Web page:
Processed with VSCOcam with c1 presetWhat happens when you bring together a dozen of the most interesting minds in art, technology and science to discuss how to infuse humanity into technology?

This is what a curious team from Microsoft sought to uncover over dinner and conversation in the Sky Room at the New Museum recently.

Gathered around a table were a mix of people as diverse as ever: Neil Harbisson – the bionic man who hears colors; Giorgia and Gabriele – data visualization designers behind Milan-based Accurat; a neuroscientist who chucked an academic career in favor of helping develop technologies for blind people to learn how to paint; an MIT professor who studies human emotion and technology; Joe Ducet – the furniture designer behind the most covetable marble table… and yours truly.

Over an elegant dinner of farro salad, chicken under a brick (“where’s the brick?!” one invitee challenged the waitress), and chocolate tart, the crowd covered such topics as ‘what does it mean to be human?,’ ‘what does the intersection of technology and people look like?,’ and ‘what role do companies and institutions have in humanizing technology?’

The table buzzed with conversation, with people switching seats, speaking over each other, and sparking new ideas by the minute. At the end of the evening, the group reconvened to share the most interesting themes uncovered and debated.

Themes:

– Technology is humanity: technology is not electronics, nor hardware, nor software. Technology is ancient – it’s in nature, in human conversation, in play and in work. When we begin to think about technology as life, then we can better think about how to humanize it ever more.

– Technology to what end?: It’s important to think about the goal of developing new technology. It’s not enough to create technology for technology’s sake; to “beat” the next person or rival company. Creating new innovations should be driven by whether the end product will be useful, necessary, and delightful to the end user.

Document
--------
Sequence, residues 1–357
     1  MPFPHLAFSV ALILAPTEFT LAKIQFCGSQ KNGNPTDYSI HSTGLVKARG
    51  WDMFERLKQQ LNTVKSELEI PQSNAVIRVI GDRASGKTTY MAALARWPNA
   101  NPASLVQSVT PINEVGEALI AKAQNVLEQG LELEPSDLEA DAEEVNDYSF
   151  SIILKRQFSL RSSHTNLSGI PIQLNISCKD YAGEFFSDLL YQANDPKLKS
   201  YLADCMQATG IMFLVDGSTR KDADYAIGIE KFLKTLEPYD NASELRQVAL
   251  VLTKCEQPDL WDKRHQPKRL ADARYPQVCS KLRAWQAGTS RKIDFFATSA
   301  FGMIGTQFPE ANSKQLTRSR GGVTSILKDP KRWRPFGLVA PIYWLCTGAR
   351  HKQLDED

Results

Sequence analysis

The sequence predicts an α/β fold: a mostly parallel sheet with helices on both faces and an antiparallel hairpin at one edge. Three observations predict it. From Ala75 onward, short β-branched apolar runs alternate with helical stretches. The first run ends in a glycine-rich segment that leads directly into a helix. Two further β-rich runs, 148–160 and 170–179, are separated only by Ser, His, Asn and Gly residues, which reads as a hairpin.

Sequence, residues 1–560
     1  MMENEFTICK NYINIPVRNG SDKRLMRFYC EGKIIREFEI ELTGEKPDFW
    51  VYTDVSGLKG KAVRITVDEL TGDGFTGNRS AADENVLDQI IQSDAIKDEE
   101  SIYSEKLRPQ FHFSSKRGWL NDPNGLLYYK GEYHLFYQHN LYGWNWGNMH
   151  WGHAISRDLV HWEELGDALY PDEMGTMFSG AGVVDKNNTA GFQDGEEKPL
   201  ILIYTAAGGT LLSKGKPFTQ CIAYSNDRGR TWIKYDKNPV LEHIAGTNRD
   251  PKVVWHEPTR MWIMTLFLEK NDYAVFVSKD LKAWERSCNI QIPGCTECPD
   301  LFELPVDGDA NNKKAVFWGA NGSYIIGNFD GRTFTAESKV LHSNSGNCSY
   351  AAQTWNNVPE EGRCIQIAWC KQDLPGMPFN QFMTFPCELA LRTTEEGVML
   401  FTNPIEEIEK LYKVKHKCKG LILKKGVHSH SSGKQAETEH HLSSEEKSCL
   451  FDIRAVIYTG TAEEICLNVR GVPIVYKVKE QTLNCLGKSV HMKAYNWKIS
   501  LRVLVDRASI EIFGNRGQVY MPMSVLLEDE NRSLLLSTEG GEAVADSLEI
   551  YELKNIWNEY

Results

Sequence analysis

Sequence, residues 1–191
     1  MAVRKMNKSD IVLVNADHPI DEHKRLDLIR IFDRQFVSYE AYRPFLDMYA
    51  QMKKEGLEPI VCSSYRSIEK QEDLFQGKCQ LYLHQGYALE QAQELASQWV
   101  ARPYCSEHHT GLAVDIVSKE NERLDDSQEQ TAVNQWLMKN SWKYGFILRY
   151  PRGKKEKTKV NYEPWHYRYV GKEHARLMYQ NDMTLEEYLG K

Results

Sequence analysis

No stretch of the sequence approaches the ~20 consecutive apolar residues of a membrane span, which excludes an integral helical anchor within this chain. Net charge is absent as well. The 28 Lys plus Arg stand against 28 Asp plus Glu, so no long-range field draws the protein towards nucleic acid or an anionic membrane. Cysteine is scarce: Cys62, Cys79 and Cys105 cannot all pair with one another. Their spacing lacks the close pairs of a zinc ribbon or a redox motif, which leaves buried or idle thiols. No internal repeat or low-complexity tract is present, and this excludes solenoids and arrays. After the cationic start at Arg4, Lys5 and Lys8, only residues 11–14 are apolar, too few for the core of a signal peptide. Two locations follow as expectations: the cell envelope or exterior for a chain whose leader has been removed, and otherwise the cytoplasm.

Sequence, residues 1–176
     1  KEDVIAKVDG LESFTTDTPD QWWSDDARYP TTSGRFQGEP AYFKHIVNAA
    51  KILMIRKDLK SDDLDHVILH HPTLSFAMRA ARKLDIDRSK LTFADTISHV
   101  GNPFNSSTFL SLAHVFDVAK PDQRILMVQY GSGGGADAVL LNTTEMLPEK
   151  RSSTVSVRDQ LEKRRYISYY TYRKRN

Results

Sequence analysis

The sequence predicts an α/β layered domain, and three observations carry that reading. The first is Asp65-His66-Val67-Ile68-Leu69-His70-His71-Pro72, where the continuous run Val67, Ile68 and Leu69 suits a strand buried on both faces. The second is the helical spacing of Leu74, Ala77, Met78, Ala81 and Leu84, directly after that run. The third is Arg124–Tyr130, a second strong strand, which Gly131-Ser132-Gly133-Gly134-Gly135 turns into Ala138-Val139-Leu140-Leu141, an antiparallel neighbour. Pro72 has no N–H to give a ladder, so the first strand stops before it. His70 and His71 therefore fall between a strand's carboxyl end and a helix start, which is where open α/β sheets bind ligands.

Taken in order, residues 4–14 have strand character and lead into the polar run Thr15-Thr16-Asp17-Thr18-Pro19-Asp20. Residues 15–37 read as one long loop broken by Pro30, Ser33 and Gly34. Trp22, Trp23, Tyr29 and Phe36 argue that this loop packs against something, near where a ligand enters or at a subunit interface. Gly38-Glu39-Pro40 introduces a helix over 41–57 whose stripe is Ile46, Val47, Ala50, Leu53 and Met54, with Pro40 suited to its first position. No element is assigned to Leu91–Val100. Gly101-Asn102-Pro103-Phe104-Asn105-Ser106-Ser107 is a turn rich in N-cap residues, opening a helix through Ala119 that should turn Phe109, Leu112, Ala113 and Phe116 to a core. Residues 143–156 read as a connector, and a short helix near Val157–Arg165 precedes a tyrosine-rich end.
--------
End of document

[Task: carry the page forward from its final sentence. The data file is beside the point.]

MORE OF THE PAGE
– Humans change change change: Culture evolves at an incredible pace, and people metabolize the role of technology at lightning speed. What was once considered very frightening (such as submitting credit card information online) is now a trusted fact of life. A funny story about Neil – the man who hears colors. In 2004, when he had the device implanted into his head, people thought it was a flashlight. In 2007, they thought it was a video recording device, and today, they believe it’s something related to Google Glass. People change how they view technology, and so the role of technology companies is to keep pace with that culture and ideally stay one step ahead of it.

– Human technology: Similarly, what is considered “human” and “natural” is also evolving, perhaps at more of a generational pace. Once, telephones were feared to make people hermits, and microwaves would give people cancer. True innovations are almost always feared at altering our “human-ness.” However, this is metabolized quickly, and wearing a Google Glass today doesn’t seem as artificial as it might have in the past.

– Innovation born of survival: American companies have the luxury of creating technology with abundant resources, but other countries face different challenges. Some have oppressive governments that censor their citizens, while others have a lack of infrastructure. Technology born of these difficulties are often incredibly useful and innovative, and America should remember that we are not the only ones with good ideas. Furthermore, what we create must address the needs of cultures outside of our own.

– Extreme is good and necessary: High fashion and high art as analogy. While not immediately relevant to the masses, the crazy and wild tend to push thinking forward. There needs to be extreme and fringe creations with no goals tied to profit. While not everything coming of this may be immediately relevant or usable, we need extremes in order to pull from them and create solutions for the real world.

– Creation must be interdisciplinary: No more siloes! The technological innovation process must evolve beyond engineers. Include artists, designers, intellectuals and others together can create better solutions

– The “smile test”: Ultimately, technology should make people smile. It’s a very small act, but in the end, it’s the most important benefit to humanity.